A durable building material means longevity for your structure. Masonry resists fire, wind, mold, pests, vandalism and water damage—adding to the long-term value of the structure through decreased maintenance costs, structural integrity and favorable insurance policy premiums.

  • Manage Moisture: Wood rots, masonry does not. CMUs equipped with RainBloc® Integrated Water Repellant System fight moisture, which is the #1 cause of structural deterioration, while also preventing harmful mold growth, which can lead to poor air quality.

  • Prevent Pests: Exterior walls built with masonry naturally help prevent damage caused by pests such as termites and carpenter ants. These insects feed on wood, not on CMUs.

  • Weatherproof: Reinforced concrete masonry has a relatively high mass that helps resist the large uplift and overturning forces of tornadoes, hurricanes and other high-wind events.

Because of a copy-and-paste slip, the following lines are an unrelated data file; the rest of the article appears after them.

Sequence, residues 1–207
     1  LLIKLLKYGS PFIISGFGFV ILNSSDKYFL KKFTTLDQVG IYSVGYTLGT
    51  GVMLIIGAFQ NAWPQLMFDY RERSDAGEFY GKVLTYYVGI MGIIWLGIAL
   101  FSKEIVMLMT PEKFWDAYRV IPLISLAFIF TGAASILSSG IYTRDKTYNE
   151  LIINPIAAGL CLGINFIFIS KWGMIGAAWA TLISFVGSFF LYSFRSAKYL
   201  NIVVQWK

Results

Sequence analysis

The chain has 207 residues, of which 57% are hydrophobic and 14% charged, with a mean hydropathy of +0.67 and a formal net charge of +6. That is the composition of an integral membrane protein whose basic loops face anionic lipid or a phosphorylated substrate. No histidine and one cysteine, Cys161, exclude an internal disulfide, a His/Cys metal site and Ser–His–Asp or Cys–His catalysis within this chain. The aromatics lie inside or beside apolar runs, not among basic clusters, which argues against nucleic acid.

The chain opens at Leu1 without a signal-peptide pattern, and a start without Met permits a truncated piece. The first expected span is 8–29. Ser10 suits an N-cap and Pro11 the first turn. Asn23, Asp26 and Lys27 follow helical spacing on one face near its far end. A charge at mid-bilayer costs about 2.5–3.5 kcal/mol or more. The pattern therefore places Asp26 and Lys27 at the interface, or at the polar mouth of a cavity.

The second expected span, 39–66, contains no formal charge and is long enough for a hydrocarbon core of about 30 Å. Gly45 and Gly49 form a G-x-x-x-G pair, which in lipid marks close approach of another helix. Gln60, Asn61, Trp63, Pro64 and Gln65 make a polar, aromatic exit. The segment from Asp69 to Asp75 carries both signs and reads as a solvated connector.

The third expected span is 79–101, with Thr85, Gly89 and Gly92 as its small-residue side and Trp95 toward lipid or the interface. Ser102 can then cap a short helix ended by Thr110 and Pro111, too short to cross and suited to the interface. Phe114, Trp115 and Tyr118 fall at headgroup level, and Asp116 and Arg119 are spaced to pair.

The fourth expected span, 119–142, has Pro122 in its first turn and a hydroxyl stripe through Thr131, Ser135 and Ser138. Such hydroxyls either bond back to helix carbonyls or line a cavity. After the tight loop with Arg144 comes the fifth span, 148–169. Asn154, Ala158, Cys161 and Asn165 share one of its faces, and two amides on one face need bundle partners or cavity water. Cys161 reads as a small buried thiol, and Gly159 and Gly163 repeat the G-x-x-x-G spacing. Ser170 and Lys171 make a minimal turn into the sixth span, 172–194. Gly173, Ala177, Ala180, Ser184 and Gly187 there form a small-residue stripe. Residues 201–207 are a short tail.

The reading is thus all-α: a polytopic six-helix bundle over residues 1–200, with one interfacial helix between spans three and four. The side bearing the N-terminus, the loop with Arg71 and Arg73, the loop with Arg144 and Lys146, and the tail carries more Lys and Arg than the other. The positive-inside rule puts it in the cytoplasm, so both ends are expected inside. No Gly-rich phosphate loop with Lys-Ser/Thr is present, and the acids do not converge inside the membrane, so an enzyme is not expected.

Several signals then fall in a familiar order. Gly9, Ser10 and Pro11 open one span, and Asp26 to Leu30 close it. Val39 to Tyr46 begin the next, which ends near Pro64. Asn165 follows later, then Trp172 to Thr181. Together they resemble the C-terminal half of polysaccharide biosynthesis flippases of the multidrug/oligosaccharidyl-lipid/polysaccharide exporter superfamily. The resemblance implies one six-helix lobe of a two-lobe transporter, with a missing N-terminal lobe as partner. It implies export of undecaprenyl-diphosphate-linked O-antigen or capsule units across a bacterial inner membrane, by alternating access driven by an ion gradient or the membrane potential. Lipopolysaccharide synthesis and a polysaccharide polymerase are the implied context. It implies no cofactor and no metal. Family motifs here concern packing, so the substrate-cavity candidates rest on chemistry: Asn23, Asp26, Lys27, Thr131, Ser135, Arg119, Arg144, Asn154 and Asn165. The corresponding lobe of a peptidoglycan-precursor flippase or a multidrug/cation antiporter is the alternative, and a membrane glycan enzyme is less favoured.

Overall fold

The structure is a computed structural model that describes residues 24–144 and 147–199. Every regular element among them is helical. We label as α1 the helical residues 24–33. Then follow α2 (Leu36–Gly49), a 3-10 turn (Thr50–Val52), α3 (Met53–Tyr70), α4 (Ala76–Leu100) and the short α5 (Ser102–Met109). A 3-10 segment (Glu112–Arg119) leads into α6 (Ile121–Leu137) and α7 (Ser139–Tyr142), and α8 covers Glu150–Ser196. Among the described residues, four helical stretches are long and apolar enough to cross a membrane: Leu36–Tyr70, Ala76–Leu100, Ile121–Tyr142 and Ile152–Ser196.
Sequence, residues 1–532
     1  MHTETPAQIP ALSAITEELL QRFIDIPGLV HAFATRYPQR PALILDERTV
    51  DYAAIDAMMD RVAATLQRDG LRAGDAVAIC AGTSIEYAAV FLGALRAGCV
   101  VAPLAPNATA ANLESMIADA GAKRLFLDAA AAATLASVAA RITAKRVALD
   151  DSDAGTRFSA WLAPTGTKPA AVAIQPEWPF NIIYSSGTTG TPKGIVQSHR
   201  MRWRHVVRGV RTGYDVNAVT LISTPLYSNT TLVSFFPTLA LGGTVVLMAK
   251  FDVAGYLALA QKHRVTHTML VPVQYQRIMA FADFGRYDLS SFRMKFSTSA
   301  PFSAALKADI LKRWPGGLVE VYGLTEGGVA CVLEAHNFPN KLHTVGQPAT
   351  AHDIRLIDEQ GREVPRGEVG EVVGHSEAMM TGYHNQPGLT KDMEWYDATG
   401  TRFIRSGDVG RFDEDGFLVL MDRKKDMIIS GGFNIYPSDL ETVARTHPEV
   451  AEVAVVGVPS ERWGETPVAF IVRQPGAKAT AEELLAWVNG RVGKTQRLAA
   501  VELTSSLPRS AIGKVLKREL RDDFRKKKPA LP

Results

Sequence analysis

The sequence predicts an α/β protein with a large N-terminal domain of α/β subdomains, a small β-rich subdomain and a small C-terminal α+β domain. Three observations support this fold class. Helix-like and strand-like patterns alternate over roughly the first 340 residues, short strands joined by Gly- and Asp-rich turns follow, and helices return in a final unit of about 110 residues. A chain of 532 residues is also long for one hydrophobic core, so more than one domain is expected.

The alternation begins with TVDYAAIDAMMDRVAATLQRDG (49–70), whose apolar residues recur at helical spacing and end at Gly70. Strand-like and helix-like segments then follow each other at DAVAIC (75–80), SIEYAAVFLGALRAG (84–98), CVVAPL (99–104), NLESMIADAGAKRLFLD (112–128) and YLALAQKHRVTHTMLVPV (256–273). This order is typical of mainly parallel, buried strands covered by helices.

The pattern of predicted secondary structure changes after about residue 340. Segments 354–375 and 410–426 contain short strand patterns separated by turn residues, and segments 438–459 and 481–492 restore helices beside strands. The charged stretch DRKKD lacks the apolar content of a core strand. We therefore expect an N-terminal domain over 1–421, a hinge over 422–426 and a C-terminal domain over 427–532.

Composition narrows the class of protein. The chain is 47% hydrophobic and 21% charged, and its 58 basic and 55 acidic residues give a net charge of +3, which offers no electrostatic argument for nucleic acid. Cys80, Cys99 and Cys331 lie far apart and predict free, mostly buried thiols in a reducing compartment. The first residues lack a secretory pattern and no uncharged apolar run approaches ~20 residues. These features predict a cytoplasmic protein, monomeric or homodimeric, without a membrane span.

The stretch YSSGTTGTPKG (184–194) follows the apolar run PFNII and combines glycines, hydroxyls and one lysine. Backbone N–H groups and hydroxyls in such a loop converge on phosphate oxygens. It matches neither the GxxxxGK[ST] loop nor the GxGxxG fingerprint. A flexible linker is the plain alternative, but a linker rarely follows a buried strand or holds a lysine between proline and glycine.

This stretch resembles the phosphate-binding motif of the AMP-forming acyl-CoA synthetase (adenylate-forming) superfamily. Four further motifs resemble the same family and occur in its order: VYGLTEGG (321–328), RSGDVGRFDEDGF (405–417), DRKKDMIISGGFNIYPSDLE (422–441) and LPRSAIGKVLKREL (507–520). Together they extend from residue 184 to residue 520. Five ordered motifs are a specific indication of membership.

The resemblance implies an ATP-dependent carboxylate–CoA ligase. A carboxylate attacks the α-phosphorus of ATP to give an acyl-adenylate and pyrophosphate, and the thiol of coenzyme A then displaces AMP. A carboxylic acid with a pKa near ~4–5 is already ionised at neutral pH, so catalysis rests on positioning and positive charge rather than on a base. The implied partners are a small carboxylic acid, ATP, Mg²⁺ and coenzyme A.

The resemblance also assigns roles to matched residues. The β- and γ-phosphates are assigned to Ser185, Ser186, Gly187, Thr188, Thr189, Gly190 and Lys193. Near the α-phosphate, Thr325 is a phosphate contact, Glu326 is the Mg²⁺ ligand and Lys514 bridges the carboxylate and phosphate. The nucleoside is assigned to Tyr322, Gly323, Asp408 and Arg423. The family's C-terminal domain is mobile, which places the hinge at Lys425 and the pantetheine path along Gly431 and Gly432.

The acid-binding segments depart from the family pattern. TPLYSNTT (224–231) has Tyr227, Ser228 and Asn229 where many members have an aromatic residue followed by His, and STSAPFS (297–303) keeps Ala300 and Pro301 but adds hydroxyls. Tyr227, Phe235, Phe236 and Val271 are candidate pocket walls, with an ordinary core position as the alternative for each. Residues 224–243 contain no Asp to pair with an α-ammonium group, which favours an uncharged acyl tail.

A structure built with CMUs can withstand
Winds up to 250 MPH
and resist penetration by a
15-pound 2×4 stud traveling 100 MPH**

Build Safe with the Strength of Masonry

Flame Resistant. Increase Safety. Natural Protection.

Specifying concrete masonry units (CMUs) for commercial buildings can help keep fires contained and prevent total structural loss. That’s because masonry can withstand extremely high temperatures, which helps keep buildings resilient and occupants safe.

$10.3 BILLION
IN PROPERTY DAMAGE FROM STRUCTURE FIRES IN 2015***

Be Stronger Under Fire

Prevent Total Structural Loss with Natural Protection

Masonry resists flames longer than other building materials. That matters because fire is a real issue in commercial construction. Ask yourself, does your structure stand up to the heat? If it’s built with anything but CMUs, your building may be at risk for increased damage, flame spread or total loss.

In 2015 in the U.S., there were more than half a million structure fires resulting in $10.3B in property damage.***

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vs
Masonry